On December 7, 1941 the Japanese attacked Pearl Harbor. The news made its way to the Philippine’s and General Brereton learned the Japanese would be launching an attack from Formosa against the Philippine’s. He was unable to get permission from General McArthur to launch a preemptive attack. Permission wasn’t given until 5 hours later. In the interim Brereton launched his bombers to prevent them from being hit by attacking Japanese planes. When the order came to launch the bombers to attack Formosa, the bombers were ordered to return to the ground to refuel and be readied to attack. Approximately 18 hours after Pearl Harbor, the Japanese attacked the Philippines and destroyed most all of the bombers. The US was unable to provide any meaningful defense of the Philippine bases resulting in massive losses of equipment, fuel and personnel. At the time the bombs started falling, Dan had left his position to get a cup of coffee. His position was wiped out by a Japanese bomb.
The Japanese attacks were nonstop. On December 24th they left Nichols Field by truck headed to Manilla where they were put on inter Island steamboats that serviced all of the Island. They sailed all night and thought they were headed to Australia but ended up in Mariveles, at the tip of the Bataan peninsula. The US and Filipino troops were under constant attack. They managed to hold the Japanese off for quite some time. “The Japs were very upset we were holding them up from conquering the Philippine’s.” By April 9th it became clear that there would be no resupply or reinforcements coming. The Japanese had sent a message that if the US didn’t surrender, they would massacre everyone. General Edward King determined the situation was hopeless and decided to surrender. Dan and a few 100 others didn’t want to surrender so he jumped into the water and began swimming to Corregidor which was 3 miles away. He made it alive and joined up with the 4th Marine Corps.
This helped Dan avoid the Bataan Death March, but Corregidor was under constant attack. The Japanese managed to get a tank ashore and had it pointed directly into a major tunnel where the American hospital was located. General Wainwright was forced to make a decision to surrender or have all of his troops massacred. On May 6th the US and Filipino forces surrendered. They were packed into a 2 to 3 acre area of concrete called the 92nd Garage Depot. The worst condition was human waste. The ground was covered with it. “The defecation and urination were almost nonstop because of the of the rotten diet.” They dug slit trenches to try and make it sanitary. ”It was the worst condition of filth I ever experienced.” The men would back up to the trenches, slip off the edge into the pits and drown.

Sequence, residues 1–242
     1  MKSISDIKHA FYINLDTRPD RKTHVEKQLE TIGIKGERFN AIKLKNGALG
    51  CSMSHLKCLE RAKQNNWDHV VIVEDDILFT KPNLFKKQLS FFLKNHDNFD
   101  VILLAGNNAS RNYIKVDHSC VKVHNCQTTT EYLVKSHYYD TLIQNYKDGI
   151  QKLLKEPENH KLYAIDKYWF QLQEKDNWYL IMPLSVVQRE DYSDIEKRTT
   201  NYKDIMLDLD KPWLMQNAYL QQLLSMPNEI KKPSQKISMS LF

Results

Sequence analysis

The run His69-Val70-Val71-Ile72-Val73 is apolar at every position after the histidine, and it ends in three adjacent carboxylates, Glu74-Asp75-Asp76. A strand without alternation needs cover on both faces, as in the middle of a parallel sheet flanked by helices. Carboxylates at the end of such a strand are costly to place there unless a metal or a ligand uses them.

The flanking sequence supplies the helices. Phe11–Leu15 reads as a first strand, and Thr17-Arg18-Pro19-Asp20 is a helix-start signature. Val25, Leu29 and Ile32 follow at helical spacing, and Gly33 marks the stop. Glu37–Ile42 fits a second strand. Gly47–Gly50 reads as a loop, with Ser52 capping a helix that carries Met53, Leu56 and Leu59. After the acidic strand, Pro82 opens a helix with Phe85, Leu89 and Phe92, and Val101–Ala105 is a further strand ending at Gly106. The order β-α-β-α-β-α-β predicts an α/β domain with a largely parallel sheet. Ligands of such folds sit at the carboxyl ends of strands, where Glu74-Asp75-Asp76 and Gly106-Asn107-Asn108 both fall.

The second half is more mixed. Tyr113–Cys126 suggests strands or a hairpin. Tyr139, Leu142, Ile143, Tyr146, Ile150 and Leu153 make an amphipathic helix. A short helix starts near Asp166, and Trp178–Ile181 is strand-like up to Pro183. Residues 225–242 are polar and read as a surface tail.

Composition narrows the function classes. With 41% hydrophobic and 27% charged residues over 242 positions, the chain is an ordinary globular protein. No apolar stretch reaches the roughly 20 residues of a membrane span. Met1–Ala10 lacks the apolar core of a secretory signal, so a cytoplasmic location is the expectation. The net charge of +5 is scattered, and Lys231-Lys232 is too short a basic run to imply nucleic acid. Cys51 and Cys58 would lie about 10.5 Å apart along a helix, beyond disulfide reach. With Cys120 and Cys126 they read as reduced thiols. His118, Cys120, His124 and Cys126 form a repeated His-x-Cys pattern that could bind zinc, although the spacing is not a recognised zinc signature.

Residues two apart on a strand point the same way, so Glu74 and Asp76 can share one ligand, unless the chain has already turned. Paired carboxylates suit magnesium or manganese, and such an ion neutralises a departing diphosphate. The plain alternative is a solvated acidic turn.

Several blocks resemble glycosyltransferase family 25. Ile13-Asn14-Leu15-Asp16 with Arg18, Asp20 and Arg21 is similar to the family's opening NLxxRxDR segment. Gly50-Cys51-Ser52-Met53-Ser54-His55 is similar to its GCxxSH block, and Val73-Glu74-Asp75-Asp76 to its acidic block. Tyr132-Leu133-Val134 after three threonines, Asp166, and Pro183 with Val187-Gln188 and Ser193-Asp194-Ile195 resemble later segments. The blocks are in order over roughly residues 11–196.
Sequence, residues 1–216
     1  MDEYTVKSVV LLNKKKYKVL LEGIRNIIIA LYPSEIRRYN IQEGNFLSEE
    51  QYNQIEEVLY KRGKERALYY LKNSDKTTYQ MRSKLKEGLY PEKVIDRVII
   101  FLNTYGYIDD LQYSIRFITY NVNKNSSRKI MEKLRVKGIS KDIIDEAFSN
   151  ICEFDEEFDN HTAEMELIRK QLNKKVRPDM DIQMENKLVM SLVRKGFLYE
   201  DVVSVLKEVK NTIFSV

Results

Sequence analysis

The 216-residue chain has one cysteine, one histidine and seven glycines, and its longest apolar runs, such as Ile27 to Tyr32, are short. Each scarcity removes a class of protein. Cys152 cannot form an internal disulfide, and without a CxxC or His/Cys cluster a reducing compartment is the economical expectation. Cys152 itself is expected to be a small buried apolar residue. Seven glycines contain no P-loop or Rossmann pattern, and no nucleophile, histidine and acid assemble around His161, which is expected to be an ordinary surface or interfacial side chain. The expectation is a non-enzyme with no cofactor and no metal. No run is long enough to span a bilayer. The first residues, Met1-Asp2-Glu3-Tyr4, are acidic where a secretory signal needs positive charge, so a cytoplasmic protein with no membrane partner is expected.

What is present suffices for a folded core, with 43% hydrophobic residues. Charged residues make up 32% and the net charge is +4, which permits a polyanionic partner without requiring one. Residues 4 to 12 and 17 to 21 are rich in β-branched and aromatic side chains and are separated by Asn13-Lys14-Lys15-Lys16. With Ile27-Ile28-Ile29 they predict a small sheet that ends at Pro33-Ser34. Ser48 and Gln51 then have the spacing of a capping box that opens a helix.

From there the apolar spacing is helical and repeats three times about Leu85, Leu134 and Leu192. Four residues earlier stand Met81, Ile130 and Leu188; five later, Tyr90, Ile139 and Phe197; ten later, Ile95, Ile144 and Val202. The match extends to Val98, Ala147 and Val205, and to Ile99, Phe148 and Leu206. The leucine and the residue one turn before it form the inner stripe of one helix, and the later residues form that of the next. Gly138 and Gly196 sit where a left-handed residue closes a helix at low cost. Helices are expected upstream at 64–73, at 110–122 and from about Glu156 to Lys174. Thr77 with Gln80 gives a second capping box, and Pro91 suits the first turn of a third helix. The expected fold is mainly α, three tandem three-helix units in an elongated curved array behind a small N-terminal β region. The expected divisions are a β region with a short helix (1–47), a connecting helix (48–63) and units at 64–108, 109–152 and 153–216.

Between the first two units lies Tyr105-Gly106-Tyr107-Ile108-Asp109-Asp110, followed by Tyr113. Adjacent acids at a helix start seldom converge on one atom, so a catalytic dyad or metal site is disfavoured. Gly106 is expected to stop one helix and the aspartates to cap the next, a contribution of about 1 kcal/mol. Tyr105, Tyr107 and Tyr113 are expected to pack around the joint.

Next they were sailed from Corregidor to Manila where the Japanese paraded them before the Filipino people to make a show of the Japanese domination. The men were then packed like sardines onto a train. There was no place to sit, again the human waste was awful and there was almost no way to breath. Finally, the train stopped, and the POW’s were forced to march until they reached Cabanatuan.
At Cabanatuan there was virtually no food and the men were constantly ill. After the Japanese guards caught a few prisoners who tried to escape the Japanese made a rule that for every prisoner that escaped 10 prisoners would be killed. Dan saw three POWs were tied to posts outside the front gate and were constantly beaten by the Japanese guards. Crowley worked on a farm growing sweet potatoes for the Japanese. The POW’s were beaten for the slightest infraction. Dan did his best to be inconspicuous to remain out of the sight of the Japanese in order to survive. Despite this Dan received his fair share of beatings. It was so bad here that he volunteered to go to work at Palawan, another camp, without any knowledge of the conditions. Dan reasoned that it was so bad in Cabanatuan that anywhere else would be better.